Which current authors produce the most magical prose? The Guardian Books Clinic investigates.

I wrote about how publishing with Unbound works as part of my blog tour.

Jojo Moyes explains why she doesn’t like the “chick lit” label. I have no problem with it when correctly applied — her books, for example, are not chick lit, which is a very specific type of genre.

The mysterious Cambridge library tower, supposedly full of banned books, is opening to the public.

If you were wondering where your daily Harry Potter news was, here it is: the new Royal Baby could be named in honour of the Weasleys. Probably isn’t, though.

“I want my books to be hopeful, because that’s what life is like”: author and cancer survivor Ruth Hogan speaks to the Radio Times about the “up lit” book trend.

This week’s excerpted novel on The Pool is The Burning Chambers by Kate Mosse.

The Brit Lit Podcast has doubled its initial monthly download rate — in its first month, it got 900 downloads, and in April, it was 1800. Thanks for listening and spreading the word, everyone!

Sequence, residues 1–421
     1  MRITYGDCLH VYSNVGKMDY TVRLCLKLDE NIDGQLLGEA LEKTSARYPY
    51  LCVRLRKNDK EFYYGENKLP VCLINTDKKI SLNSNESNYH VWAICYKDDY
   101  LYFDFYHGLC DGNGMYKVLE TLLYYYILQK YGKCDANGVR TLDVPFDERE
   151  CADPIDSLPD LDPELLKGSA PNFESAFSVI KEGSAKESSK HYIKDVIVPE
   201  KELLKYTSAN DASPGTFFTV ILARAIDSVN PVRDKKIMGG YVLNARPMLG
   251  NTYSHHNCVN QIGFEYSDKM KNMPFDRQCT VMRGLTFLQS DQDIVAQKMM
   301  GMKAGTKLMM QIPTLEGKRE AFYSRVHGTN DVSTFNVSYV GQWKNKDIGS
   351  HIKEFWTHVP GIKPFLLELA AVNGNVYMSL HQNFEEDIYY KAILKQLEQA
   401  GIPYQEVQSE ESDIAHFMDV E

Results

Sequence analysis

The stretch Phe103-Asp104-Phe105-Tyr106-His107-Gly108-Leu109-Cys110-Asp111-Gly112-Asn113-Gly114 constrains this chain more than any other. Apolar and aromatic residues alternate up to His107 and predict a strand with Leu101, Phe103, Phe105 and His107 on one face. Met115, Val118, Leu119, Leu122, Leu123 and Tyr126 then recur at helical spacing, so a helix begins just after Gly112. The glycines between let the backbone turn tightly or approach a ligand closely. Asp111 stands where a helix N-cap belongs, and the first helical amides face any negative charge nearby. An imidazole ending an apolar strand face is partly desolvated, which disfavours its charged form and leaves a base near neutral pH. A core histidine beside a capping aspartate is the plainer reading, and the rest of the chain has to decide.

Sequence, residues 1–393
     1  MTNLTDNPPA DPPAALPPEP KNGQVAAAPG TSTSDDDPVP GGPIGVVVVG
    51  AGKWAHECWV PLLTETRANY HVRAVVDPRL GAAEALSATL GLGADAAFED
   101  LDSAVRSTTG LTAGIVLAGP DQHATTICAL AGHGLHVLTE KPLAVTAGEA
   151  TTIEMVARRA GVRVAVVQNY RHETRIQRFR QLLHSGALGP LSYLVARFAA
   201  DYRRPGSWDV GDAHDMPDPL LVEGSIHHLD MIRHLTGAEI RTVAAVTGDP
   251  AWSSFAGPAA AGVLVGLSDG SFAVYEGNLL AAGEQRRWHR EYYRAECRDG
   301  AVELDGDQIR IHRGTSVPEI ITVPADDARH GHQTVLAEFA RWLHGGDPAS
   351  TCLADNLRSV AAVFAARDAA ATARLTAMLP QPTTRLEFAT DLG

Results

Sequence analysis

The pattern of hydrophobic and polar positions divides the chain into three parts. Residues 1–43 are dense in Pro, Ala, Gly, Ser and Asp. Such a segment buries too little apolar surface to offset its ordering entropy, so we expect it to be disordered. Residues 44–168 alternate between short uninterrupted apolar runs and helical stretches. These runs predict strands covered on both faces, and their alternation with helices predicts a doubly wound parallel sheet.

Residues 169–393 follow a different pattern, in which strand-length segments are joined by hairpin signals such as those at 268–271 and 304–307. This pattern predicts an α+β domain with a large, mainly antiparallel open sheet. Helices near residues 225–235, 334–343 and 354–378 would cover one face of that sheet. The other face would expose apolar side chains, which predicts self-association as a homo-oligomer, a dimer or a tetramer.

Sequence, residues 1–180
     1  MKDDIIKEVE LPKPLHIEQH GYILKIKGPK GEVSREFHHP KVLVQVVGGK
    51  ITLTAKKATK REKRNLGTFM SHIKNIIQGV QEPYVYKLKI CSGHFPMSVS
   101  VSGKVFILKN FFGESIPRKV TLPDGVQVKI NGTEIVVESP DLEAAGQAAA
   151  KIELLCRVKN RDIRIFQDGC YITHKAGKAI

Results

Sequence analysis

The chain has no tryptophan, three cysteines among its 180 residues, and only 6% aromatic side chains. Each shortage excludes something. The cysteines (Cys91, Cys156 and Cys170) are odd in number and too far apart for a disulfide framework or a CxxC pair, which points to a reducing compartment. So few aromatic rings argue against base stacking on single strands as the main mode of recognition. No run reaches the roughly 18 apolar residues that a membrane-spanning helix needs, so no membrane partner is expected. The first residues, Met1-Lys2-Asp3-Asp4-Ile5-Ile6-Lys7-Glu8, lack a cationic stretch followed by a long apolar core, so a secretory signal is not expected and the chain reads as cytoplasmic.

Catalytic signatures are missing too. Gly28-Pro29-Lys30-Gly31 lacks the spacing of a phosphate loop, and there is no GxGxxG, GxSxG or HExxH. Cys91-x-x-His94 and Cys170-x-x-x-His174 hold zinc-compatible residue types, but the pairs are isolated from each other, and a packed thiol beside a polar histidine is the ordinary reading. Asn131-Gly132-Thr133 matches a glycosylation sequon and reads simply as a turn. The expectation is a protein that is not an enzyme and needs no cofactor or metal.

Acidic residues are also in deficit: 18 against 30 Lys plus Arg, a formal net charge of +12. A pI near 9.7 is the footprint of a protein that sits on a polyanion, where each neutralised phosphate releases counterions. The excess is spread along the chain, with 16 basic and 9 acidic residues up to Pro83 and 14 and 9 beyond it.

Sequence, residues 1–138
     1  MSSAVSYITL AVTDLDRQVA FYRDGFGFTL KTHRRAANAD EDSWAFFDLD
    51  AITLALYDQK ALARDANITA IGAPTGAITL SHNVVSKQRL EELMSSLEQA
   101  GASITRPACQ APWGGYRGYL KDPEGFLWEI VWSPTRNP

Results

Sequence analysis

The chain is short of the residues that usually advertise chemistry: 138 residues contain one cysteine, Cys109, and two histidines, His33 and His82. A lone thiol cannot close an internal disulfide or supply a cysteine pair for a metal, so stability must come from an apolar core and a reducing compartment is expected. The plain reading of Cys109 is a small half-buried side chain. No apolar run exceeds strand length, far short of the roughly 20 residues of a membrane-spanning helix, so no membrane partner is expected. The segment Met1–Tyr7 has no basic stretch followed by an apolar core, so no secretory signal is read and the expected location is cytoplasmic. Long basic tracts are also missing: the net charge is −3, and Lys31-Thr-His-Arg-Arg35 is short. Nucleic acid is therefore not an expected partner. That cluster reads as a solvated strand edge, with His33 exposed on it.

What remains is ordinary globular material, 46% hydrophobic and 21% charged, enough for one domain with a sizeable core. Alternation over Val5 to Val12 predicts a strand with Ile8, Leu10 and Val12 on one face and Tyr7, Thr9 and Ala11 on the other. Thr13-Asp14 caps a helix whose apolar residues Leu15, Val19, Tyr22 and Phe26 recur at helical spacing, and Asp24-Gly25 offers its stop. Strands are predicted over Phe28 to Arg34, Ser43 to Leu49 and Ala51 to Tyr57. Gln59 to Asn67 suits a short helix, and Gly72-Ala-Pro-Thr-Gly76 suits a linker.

brit lit podcast logo

The Cheltenham Literature Festival has recruited a new advisory group made up of editors, agents and journalists to “help ensure the festival remains at the forefront of the UK’s literary festival scene”.

School librarians are unable to buy the range of books they want due to budget cuts, meaning children are not getting access to non-fiction and diverse titles, library professionals have told The Bookseller.

Book lists

Book Riot rounds up 10 great Pride and Prejudice retellings for all ages.

The Evening Standard has a list of ten books that should be turned into plays.

The TES has a list of 40 children’s books for struggling and reluctant readers.

The Evening Standard rounds up 7 of the best books about kindness.

Prizes

Irish journalist Mark O’Connell’s “passionate, entertaining and cogent examination” into the use of technology to cheat death and push the human body beyond its current limitations, To Be a Machine: Adventures among cyborgs, utopians, hackers and the futurists solving the modest problem of death, has won the Wellcome Book Prize for 2018.

Margaret Atwood, Evelyn Schlag and Jackie Morris have been named the recipients of this year’s Hay Festival Medals.

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